Social media metrics are playing an increasingly large role in SEO. Google takes many factors into consideration. They consider how many fans you have on your page. They consider who shares your content, as well as the authority of the people sharing your content. A share from Bill Gates is weighed much more heavily than the average person.

They can also “read” the content of social media posts about you. If people are complaining about your product rather than praising it, search engines can read that to a certain degree.

If you don’t already have Facebook and Twitter setup, now is the time to do it. It’s not just for social media traffic, it’s also for SEO.

Highly Targeted Web Content 

The quality of your website’s content is becoming a larger and larger factor. While Google bots still can’t “read” a website and independently determine the page’s quality as a human could, they do come close.

The Google Panda update utilizes artificial intelligence as well as hundreds of different metrics, including ads to content ratio, overall design, many linguistic patterns and so on to determine the quality level of your site and content.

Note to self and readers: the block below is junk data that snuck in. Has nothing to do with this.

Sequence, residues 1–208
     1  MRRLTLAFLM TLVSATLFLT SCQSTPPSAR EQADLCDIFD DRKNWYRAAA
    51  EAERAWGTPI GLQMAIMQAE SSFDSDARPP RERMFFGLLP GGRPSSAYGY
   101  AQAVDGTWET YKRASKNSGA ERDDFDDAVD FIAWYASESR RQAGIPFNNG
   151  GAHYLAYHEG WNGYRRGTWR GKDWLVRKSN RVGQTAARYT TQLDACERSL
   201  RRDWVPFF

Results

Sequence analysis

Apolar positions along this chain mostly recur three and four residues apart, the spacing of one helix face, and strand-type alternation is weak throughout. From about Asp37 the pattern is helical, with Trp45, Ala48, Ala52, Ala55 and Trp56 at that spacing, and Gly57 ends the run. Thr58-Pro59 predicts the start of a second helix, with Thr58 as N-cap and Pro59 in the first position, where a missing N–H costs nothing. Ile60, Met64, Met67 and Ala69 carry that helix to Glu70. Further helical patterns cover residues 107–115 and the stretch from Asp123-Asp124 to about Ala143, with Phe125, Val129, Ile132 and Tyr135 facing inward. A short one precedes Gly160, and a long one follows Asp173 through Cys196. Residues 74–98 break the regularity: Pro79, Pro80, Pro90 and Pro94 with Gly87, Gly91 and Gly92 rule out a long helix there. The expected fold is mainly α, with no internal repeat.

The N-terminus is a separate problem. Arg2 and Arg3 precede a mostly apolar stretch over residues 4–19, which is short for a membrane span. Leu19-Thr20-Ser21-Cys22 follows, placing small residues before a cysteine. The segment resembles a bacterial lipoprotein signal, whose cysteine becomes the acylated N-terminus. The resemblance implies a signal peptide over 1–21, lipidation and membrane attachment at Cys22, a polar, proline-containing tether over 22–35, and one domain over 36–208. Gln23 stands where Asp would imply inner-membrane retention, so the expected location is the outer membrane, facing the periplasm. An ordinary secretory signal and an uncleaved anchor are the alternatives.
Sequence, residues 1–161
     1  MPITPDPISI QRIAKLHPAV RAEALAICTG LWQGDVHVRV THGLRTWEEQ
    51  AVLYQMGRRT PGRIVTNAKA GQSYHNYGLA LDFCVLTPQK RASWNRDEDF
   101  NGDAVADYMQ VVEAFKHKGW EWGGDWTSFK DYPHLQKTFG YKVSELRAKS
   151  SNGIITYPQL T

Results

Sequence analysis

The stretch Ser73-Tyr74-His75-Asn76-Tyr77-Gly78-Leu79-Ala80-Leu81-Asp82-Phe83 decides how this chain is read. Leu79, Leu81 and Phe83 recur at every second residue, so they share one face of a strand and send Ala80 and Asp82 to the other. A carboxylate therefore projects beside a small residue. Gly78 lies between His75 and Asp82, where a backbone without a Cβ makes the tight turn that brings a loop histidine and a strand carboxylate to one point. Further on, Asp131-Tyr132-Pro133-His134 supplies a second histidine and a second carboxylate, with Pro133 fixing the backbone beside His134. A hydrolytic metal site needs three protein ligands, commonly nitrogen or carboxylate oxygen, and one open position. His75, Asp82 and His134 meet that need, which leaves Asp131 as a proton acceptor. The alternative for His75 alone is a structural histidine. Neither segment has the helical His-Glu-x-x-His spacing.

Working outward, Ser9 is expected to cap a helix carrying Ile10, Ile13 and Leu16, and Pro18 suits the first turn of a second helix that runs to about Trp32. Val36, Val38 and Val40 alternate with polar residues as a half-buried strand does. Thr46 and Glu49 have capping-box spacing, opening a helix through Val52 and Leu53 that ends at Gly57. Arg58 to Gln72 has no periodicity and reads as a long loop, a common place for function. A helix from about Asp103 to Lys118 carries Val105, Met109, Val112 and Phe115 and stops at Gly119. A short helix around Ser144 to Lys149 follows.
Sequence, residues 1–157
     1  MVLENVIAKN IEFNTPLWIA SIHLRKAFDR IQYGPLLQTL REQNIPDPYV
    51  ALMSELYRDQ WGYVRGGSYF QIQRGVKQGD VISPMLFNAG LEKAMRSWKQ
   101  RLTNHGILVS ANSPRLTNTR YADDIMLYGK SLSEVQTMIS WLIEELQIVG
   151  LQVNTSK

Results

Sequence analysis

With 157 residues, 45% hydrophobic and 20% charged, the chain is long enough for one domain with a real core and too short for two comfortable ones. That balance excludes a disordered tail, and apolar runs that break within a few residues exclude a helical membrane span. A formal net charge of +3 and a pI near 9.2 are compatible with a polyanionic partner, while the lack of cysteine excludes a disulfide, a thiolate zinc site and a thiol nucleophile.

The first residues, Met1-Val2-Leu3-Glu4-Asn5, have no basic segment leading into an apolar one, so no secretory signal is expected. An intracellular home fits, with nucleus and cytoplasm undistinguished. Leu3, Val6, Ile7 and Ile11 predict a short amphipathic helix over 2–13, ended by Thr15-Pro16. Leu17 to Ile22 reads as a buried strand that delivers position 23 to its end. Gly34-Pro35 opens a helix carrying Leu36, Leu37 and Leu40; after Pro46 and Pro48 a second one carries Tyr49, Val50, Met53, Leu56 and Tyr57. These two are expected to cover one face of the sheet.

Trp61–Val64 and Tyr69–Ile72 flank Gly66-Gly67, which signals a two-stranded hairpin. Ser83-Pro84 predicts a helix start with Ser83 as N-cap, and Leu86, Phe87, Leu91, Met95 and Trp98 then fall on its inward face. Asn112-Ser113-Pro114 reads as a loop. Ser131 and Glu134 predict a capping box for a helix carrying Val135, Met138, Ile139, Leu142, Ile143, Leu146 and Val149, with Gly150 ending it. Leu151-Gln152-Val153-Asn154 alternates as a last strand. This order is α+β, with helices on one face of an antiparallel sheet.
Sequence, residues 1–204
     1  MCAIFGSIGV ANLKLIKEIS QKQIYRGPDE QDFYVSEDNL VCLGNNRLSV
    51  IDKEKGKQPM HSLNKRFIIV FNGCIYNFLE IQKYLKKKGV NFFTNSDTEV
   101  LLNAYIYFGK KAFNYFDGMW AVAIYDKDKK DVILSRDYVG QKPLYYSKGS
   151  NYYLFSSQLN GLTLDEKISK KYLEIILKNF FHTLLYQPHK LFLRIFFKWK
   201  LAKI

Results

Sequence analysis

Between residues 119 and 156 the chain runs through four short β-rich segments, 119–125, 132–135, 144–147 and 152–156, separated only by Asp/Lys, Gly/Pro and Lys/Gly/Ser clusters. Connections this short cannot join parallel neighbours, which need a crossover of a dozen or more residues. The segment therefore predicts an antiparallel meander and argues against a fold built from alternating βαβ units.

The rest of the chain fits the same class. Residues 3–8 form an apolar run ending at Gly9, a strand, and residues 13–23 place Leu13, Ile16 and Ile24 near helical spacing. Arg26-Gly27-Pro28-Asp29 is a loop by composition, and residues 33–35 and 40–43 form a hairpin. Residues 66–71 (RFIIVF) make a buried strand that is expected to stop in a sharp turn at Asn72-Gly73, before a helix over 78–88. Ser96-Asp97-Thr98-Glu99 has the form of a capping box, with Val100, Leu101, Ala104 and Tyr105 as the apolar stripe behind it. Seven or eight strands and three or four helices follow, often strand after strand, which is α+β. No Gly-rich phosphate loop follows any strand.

Nobody knows what all these metrics are. Instead of trying to game the system, it’s best to focus on providing high quality content that people want to link to.

Multi-Media

Google loves multi-media. If you’re not using images, videos and audio in your website, you’re probably missing out on a large amount of ranking power.

User Generated Content

Having a lot of content generated by your users is one easy way to take the pressure to create content off your shoulders, while giving Google all the more reason to place you higher in the search engines.